basin, and groundwater conservation district. Each municipal WUG zones was tracked by WUG type, county, river basin, and municipality. This approach resulted in 26 unique irrigation zones and 35 unique municipal zones. Table 4 provides the available irrigation supply by county and Table 5 provides the available municipal supply by county. One will note that in tables 4 and 5 the year 2011 has been added to the table in addition to the typical decadal reporting convention. The reason for this is that the initial pumping rate calculated for the year 2010 was typically an underestimate of the true rate required to attain the drawdown calculated for that one year time period. As a result, the algorithm developed corrected that rate in the next year of simulation to account for the communication between model cells. From that simulation year forward the flow rate was calculated specifically to attain a theoretical drawdown curve (see Figure 1). Generally after the year 2011 the flow rates were on a downward trend from 2012 through 2060. References: Dutton, A., 2004. Adjustments of Parameters to Improve the Calibration of the Og-n Model of the Ogallala Aquifer, Panhandle Water Planning Group, Prepared for Freese and Nichols, Inc. and the Panhandle Water Planning Group, June 2004.


November 11, 2009 Page 5

Table 2. County Armstrong Carson Dallam Donley Gray Hansford Hartley Hemphill Hutchinson Lipscomb Moore Ochiltree Oldham Potter Randall Roberts Sherman Wheeler Sum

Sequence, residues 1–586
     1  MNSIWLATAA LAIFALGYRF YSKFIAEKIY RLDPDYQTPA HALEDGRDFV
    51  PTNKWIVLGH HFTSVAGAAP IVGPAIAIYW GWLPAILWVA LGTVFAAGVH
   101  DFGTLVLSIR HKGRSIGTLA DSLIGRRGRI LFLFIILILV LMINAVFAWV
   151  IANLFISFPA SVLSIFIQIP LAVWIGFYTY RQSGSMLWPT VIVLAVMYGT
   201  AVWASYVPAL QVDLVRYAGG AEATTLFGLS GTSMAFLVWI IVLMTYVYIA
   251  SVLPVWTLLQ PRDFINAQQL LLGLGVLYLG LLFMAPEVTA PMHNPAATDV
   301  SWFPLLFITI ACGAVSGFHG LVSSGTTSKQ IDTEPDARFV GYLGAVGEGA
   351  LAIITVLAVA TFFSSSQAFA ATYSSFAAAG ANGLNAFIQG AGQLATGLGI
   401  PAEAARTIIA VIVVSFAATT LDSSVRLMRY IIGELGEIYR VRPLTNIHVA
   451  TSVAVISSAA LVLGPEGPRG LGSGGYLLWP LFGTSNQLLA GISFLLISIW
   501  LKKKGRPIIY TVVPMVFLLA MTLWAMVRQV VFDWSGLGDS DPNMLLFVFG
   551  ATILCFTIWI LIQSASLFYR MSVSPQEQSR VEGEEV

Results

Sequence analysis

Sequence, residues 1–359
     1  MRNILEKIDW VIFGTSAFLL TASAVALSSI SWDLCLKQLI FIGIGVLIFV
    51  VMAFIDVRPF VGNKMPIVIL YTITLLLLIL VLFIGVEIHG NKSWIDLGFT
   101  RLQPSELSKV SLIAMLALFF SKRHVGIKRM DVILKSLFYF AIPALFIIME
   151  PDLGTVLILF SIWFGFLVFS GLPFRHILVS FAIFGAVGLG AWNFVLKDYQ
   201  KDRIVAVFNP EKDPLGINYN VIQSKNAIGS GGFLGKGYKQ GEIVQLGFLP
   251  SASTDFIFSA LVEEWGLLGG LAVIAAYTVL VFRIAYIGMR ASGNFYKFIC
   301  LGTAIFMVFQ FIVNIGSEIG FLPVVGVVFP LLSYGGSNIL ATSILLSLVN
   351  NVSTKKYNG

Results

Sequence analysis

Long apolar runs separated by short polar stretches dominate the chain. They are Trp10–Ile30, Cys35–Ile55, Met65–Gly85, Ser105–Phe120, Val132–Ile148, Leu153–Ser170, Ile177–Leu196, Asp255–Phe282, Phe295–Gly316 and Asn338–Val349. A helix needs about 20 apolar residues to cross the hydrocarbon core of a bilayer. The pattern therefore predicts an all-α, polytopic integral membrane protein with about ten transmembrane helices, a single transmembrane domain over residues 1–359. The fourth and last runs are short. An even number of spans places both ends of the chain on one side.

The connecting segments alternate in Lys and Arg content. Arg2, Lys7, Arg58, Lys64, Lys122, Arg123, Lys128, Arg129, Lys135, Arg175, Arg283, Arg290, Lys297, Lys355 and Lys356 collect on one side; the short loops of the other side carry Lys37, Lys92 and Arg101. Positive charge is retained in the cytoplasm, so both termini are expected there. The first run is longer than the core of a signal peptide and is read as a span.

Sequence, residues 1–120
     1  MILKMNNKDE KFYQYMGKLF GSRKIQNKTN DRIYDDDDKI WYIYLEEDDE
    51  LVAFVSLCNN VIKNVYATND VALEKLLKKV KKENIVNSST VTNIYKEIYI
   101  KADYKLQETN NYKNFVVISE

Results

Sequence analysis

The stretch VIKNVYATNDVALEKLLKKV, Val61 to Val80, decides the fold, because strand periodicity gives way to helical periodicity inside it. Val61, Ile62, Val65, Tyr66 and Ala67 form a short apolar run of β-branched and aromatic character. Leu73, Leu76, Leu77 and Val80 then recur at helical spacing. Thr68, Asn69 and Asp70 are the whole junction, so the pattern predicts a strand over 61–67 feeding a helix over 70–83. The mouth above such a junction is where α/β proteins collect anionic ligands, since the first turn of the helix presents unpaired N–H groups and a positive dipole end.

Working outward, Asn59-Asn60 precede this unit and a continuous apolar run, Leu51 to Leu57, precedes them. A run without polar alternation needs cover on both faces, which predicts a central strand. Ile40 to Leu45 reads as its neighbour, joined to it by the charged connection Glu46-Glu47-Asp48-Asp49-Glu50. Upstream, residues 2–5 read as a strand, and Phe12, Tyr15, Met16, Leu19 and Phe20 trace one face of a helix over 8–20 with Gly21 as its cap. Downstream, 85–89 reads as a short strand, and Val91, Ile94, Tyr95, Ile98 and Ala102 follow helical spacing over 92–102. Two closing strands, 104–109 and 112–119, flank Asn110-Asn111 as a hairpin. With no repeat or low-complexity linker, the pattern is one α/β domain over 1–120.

Table 3. County Armstrong Carson Dallam Donley Gray Hansford Hartley Hemphill Hutchinson Lipscomb Moore Ochiltree Oldham Potter Randall Roberts Sherman Wheeler Sum

Annual regional groundwater availability - AFY. 2010 48,916 198,232 290,088 90,450 186,939 279,085 413,782 82,951 153,829 260,989 172,388 257,903 5,288 38,084 19,730 375,334 316,971 120,205 3,311,163

2020 40,834 178,545 253,072 81,347 157,029 258,780 361,195 44,654 129,548 253,488 164,319 236,618 6,434 29,224 18,411 339,518 298,567 114,819 2,966,401

2030 36,089 160,493 225,124 76,005 143,819 238,529 314,995 44,129 119,798 247,761 142,529 215,489 6,090 26,093 16,419 322,909 262,820 112,163 2,711,253

2040 31,978 144,656 198,739 69,672 130,646 217,640 273,474 43,784 108,985 234,999 122,138 195,506 5,571 23,205 14,589 301,420 229,557 106,500 2,453,060

2050 28,462 129,882 173,986 63,613 117,614 195,835 236,815 43,673 98,239 219,735 103,539 176,566 5,079 20,684 12,974 277,509 198,809 99,802 2,202,815

2060 25,383 116,336 151,305 58,017 105,634 174,892 204,661 43,579 87,979 203,198 86,974 159,017 4,658 18,459 11,531 251,933 169,672 92,993 1,966,221

2050 2,007,702 8,489,527 7,596,070 3,453,986 7,618,601 11,879,677 11,603,668 12,947,908 6,087,234 10,873,857 4,540,089 11,083,298 141,974 1,550,482 876,866 15,657,191 8,860,604 4,369,708 129,638,441

2060 1,757,463 7,367,135 6,270,784 3,021,052 6,621,642 10,213,135 9,725,660 12,352,238 5,257,916 9,477,201 3,714,338 9,580,902 124,384 1,353,520 771,861 13,557,937 7,320,539 3,824,747 112,312,455

Groundwater in place – AFY. 2010 3,393,836 14,523,374 15,651,329 5,822,805 13,000,446 20,769,174 23,097,231 15,407,023 10,542,798 18,394,426 9,608,708 19,066,318 238,603 2,632,774 1,455,665 26,852,172 18,035,001 7,340,143 225,831,824

2020 2,980,888 12,748,607 13,171,909 5,121,980 11,420,486 18,218,902 19,495,348 14,834,800 9,248,736 16,186,671 8,053,014 16,739,260 210,149 2,311,941 1,283,475 23,590,451 15,203,063 6,468,071 197,287,750

2030 2,614,958 11,166,494 11,022,071 4,498,266 10,008,063 15,883,250 16,428,918 14,206,672 8,078,744 14,214,079 6,694,926 14,648,686 184,496 2,026,885 1,131,174 20,655,707 12,766,854 5,684,345 171,914,589